Gone With the Wind

Part of the pleasure in watching this movie for the umpteenth time is waiting for the great lines to come around. Butterfly McQueen’s Prissy: “Lawzy, we got to have a doctor. I don’t know nothin’ ’bout birthin’ babies.” Scarlett’s vow, when she reclaims the family homestead:  “As God is my witness, I’ll never be hungry again.”

Nothing compares to Clark Gable’s memorable kiss-off: “Frankly, my dear, I don’t give a damn.” I didn’t know this, but David Selznick was fined $5,000 for keeping this line in the film (it was also in the book) because it violated the Hays Code. And then we get poor Scarlett, spurned but not defeated: “Tara! Home. I’ll go home. And I’ll think of some way to get him back. After all… tomorrow is another day.”

This time around, though, I found myself thinking about the various ways each of the main characters copes in the aftermath of the devastating civil war. Melanie is the only one to have come through unchanged, still upholding the genteel values of the aristocracy, but she is too pure a spirit to endure. Ashley yearns to turn back the clock; he fought honorably defending his way of life but knows there’s no place for him in the new south. Rhett’s line, as he heads off to join the Confederate army following the Battle of Atlanta, really applies to Ashley: “I’ve always had a weakness for lost causes once they’re really lost.”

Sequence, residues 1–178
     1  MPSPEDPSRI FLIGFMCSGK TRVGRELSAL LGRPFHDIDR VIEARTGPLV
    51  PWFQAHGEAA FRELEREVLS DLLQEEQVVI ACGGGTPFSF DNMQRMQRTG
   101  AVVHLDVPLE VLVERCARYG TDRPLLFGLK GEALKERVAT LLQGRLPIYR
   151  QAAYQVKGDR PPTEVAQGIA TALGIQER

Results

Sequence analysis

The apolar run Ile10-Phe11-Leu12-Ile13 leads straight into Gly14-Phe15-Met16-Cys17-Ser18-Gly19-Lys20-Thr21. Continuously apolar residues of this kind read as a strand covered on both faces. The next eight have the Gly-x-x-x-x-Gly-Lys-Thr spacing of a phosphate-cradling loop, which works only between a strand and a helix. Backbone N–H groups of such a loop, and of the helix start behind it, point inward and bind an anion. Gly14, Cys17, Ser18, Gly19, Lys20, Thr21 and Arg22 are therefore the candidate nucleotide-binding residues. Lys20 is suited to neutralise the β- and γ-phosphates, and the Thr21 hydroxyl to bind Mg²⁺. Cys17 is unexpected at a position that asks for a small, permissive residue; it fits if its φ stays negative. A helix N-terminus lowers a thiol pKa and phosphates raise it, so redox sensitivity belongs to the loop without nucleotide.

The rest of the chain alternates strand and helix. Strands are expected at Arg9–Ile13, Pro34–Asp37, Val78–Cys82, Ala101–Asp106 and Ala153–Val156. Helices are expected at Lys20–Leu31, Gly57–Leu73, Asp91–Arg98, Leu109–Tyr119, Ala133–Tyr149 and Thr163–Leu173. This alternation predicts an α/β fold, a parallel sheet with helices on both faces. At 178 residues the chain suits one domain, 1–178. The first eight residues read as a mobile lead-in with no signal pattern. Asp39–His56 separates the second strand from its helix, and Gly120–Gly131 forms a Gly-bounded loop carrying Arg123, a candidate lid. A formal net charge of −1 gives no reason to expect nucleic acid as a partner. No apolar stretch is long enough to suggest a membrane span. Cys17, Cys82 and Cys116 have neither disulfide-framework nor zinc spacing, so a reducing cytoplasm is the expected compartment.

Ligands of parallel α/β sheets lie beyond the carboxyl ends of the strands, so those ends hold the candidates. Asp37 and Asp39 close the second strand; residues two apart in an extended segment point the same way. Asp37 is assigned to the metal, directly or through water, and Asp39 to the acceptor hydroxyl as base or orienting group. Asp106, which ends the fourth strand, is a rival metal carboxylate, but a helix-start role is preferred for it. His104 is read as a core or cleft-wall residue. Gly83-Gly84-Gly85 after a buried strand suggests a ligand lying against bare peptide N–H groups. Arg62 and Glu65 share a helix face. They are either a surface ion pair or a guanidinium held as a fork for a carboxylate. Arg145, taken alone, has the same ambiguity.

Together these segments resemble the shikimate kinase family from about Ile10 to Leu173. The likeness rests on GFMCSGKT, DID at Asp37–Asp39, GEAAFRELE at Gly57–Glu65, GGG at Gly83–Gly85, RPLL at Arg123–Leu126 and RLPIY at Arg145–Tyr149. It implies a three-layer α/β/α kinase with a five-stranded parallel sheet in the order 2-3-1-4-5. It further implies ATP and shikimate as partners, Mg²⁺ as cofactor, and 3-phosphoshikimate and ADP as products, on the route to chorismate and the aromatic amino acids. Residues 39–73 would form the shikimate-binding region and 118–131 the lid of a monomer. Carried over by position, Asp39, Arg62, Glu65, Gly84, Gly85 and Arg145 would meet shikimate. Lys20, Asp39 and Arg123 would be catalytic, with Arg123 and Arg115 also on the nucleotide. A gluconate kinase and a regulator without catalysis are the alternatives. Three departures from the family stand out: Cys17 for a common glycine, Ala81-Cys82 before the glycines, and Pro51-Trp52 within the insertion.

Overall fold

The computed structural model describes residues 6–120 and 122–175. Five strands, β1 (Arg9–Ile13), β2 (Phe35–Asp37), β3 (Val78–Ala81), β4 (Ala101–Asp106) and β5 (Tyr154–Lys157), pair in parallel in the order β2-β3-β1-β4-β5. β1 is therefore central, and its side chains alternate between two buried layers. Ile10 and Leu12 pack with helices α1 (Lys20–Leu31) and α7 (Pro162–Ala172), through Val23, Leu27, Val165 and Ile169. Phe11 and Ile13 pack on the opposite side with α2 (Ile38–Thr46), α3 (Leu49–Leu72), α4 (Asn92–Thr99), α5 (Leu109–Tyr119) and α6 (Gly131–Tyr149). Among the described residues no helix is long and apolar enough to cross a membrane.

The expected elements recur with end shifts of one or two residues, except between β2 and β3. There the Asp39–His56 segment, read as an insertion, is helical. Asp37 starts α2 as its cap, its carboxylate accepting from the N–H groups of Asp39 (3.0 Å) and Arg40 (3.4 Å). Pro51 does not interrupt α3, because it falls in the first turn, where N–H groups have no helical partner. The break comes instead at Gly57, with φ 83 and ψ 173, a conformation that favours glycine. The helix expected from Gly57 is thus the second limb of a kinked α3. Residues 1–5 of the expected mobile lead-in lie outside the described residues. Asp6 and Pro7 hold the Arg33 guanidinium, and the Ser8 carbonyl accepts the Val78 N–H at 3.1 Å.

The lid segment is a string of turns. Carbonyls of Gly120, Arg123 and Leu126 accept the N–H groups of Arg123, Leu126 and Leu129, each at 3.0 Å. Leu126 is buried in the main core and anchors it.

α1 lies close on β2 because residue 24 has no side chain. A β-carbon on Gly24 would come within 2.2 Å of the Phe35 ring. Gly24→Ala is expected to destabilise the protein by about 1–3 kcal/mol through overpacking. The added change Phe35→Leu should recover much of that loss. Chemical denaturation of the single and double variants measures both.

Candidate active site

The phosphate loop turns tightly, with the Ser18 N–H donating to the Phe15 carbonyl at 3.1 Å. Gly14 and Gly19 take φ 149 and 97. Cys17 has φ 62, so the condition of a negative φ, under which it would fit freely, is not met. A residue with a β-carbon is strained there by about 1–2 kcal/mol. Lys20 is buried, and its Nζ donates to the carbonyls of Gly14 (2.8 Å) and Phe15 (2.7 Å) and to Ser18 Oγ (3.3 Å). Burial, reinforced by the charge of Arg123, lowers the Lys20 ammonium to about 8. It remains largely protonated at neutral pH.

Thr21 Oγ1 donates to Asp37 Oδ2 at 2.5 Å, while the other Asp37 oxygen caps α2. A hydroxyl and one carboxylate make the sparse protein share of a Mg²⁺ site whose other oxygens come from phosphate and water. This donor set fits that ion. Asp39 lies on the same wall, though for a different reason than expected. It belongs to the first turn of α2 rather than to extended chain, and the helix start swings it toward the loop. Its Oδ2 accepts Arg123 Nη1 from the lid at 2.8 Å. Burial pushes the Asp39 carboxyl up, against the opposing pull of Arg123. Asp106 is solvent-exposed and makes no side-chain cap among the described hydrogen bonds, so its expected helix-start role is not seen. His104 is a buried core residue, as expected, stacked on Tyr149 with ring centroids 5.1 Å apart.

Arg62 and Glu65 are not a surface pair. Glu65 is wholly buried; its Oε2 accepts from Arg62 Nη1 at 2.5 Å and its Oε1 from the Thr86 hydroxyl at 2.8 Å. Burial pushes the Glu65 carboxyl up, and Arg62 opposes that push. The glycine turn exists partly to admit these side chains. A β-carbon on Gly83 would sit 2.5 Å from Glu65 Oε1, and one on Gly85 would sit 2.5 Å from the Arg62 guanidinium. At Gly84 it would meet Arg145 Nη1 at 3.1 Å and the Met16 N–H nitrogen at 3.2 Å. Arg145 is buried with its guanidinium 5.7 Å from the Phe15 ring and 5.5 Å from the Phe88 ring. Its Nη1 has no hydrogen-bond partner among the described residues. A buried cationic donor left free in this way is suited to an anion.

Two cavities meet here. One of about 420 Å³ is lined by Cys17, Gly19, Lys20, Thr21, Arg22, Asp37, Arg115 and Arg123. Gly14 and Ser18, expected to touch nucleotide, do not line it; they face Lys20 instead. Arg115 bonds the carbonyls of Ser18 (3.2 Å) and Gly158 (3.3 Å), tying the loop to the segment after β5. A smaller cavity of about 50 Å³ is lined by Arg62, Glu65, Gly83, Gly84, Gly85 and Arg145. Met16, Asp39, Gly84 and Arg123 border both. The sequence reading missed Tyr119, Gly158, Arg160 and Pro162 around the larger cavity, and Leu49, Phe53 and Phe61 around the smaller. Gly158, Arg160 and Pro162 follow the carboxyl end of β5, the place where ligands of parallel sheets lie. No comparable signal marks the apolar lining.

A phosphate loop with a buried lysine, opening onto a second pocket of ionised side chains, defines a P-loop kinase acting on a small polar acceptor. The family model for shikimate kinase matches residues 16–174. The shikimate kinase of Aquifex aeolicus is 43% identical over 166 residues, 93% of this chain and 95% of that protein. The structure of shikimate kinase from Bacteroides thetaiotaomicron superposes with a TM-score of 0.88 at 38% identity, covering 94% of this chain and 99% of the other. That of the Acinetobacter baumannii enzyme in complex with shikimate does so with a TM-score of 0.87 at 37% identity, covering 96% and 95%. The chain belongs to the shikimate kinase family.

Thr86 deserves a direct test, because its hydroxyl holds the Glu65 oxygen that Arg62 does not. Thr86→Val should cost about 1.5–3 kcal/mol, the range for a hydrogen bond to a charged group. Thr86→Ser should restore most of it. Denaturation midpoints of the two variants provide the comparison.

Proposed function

Rhett’s type will always come through unscathed. The surprise is Scarlett. She abandons her illusions one by one and is forced to confront reality. Not only does she adapt to the death of the old south, she thrives in this new environment. “I love you,” Rhett tells her at one point, “because we’re alike. Bad lots both of us. Selfish and shrewd but able to look things in the eye and call them by their right name.”

If anyone can win back her husband, it’s Vivien Leigh’s Scarlett.

2 thoughts on “Gone With the Wind

  1. I love those lines you quoted. I’ve seen the film only once so far, many years ago. (My father took my sister and me, when we were teenagers, to a theatrical re-release–it had an intermission, which I’d never encountered.) Every one of those lines stuck in my mind. It was the kind of movie that does that, visually as well as verbally.

    I have my doubts about the book, which I haven’t read. It was on my grandparents’ shelves, and no doubt they had read it, but I never asked them their views. It looked, and still looks, immense, and I’ve never heard anyone say “Yes, it’s long but like Tolstoy.” For that matter, I suspect Tolstoy of often writing too long, but I admit I haven’t read the prime suspect yet. For a supposedly literary guy, I’m pretty unread.

    Thank you for the reminders and commentary on GWTW. Maybe I’ll watch it again when I get a big new TV. Can’t stand the idea of some films on the small screen I have now.

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    1. Yes, it deserves to be seen on a big screen. Those skies! And the scene in the Atlanta field hospital, with the city burning all around.

      I saw it for the first time in the late 60s , in one of those classy old theaters (the Earlen, it was called) with chandeliers and frescoes and I was also struck by the novelty of the intermission.

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